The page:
29 December 2012

High-density hell

Every time I visit Melbourne CBD (every few months by train) I am reminded why I don’t like cities and certainly wouldn’t want to live there as a resident! It is noisy, stinky and increasingly crowded, not to mention unbearably hot in summer with all the asphalt and concrete smothering the ground, the streets claustrophobically overshadowed by towering buildings. And this is the city again voted world’s most livable! I shudder to think what less-livable cities are like.

A new resident to the CBD made the mistake of complaining about how noisy it was – the main offenders being music venues – and oh was he castigated, both in the article comments and elsewhere (Reddit’s mostly-younger members being a predictable example). Well, seeing as governments are pushing for higher-density cities, this sort of conflict is going to happen a lot, so I don’t know why those castigating him were so offended. Is there any law that says cities have to be noisy, aside from fatuous bullshit about noise contributing to “vibrancy”? A lot of what passes for “music” is just loud noise pollution and the environment is better off without it.

There was a quite vitriolic post on Reddit – Urban Sprawl now biggest impediment to Economy – where those who objected to high density/urban consolidation being touted as the ultimate solution to our woes got downvoted and called NIMBYers (the usual predictably tired insult). They are anti-backyards (a wasteful allotment of space according to their philosophy) and think everyone should live crammed into apartment towers with a park or two providing lonely oases of greenery. I have given up arguing with people of that mindset as they have a quasi-religious conviction that high-density is the only acceptable way to live. Not so – reducing population growth would enable people to live in detached houses with gardens and backyards, and contain urban sprawl – it would also ensure that land is retained for local food production. But this alternative solution is unthinkable to high-density advocates.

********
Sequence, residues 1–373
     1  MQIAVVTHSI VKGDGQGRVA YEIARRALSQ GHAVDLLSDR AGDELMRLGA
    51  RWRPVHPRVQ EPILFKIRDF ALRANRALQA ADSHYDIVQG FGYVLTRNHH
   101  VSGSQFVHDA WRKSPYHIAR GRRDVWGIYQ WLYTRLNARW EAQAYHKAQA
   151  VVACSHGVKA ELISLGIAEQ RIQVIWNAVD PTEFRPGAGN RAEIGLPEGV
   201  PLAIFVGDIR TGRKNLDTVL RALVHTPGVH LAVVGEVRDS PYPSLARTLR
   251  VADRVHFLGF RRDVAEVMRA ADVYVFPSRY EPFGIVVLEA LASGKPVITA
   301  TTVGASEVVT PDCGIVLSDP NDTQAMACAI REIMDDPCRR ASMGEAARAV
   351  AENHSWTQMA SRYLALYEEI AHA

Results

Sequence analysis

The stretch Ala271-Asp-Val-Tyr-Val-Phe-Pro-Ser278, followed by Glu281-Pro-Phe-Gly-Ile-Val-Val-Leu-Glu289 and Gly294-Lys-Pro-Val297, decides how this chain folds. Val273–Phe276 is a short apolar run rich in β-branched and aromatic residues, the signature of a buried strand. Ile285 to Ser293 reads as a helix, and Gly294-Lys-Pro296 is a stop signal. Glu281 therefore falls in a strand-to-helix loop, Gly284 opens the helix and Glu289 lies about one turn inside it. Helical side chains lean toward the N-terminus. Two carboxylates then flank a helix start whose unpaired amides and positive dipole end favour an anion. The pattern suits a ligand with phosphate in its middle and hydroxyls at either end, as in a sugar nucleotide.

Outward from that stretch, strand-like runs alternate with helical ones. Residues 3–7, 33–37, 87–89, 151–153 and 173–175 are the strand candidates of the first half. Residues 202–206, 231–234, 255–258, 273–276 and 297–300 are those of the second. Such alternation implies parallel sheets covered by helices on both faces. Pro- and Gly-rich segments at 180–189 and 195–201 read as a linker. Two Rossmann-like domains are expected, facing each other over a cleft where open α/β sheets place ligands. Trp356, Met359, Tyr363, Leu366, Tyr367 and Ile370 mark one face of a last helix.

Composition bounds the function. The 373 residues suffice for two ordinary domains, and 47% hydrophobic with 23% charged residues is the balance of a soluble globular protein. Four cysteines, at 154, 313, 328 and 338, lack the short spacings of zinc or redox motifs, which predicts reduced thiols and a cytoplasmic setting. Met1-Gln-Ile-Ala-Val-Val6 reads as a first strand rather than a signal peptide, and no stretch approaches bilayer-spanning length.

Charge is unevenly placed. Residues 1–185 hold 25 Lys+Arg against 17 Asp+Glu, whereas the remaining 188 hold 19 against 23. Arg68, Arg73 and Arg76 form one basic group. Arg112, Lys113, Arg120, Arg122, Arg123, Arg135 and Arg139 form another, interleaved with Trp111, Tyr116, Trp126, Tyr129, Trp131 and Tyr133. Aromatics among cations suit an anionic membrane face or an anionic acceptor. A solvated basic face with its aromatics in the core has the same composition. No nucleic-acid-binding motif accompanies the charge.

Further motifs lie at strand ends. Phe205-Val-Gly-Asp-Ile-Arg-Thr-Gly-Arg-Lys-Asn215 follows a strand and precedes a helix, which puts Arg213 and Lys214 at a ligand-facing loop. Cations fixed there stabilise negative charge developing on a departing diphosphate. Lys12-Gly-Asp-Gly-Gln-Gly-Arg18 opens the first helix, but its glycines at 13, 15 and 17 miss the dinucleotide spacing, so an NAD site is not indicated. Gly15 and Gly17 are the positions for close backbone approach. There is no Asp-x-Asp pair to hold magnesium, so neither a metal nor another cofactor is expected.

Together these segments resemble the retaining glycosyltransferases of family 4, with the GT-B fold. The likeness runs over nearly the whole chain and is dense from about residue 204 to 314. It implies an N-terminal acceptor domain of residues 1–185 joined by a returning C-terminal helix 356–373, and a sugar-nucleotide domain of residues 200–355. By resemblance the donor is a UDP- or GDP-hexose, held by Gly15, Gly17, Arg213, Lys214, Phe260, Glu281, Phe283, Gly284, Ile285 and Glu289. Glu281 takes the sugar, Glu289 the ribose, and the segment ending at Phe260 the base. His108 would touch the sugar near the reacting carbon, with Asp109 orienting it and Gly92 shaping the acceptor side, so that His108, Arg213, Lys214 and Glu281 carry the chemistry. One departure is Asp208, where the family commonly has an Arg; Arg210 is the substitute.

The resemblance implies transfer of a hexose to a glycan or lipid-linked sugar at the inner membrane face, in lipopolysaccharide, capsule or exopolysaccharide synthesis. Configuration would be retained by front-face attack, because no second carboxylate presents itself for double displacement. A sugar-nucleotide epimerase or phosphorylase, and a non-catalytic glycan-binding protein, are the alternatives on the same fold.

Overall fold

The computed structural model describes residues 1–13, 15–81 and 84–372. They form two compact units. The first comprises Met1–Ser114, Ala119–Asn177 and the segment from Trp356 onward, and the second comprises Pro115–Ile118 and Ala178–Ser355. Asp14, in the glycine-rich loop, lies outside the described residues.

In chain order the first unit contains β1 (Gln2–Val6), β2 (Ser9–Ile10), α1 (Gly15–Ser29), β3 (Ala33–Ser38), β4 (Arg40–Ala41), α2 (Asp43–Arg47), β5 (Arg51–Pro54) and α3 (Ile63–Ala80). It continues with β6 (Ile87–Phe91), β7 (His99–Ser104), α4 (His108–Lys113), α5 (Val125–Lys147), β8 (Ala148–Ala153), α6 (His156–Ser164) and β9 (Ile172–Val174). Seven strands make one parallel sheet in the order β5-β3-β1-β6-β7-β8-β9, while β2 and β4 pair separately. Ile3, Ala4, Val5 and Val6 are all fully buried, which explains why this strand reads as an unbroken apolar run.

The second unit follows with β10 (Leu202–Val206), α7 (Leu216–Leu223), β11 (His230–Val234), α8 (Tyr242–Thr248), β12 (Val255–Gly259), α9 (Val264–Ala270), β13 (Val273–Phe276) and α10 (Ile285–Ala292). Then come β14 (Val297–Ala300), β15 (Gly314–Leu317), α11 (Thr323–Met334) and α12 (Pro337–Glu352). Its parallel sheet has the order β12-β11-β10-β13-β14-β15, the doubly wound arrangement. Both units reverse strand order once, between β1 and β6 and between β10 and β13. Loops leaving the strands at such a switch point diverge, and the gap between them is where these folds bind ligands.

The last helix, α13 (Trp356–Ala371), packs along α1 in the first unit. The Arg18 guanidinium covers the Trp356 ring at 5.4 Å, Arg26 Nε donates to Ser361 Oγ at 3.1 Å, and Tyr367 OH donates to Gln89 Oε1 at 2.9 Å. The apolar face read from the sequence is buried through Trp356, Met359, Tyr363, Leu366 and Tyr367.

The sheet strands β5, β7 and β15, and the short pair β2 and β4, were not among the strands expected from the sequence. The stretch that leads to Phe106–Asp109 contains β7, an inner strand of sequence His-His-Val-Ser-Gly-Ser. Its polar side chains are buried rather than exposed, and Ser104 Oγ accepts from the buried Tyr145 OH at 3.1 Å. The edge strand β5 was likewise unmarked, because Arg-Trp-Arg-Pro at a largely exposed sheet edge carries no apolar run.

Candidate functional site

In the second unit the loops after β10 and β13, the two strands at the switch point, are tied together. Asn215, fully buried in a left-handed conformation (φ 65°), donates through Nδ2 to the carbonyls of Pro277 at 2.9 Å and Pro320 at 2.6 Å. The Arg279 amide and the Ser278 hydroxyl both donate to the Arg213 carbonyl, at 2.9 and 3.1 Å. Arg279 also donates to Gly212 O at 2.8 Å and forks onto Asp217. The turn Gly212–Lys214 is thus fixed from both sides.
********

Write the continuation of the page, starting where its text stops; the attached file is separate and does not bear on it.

I also found disagreeable this later related post, You want housing up, not out? – the HD advocates (I really need a catchy name for them) want to brainwash children into their cult:

My idea is to use an art/design competition to harness the imaginations of older children and effectively use their drawings as covert propaganda for the type of places we want to exist, after steering their little minds towards what we want them to draw. It’ll be asking primary school children to draw how they foresee their dream Australian lifestyle, or dream city in X amount of years. What will streets and cities look like? How will people live?

This Sustainable Living webpage from NSW Save Our Suburbs gives arguments against urban consolidation. (They don’t, however, advocate restricting population growth; rather, they encourage regional decentralization.)

My little utopian vision is of cities being mostly depopulated, and people living in smaller regional towns, each having its own sustainable power and food supplies, and connected by high-speed rail and Internet. A slower, environmentally-friendly and more relaxed society. I would like to see a “small, smart and sustainable” future for Australia; I emphatically reject the “big Australia” and frantic unsustainable push for endless economic growth that currently has us trapped.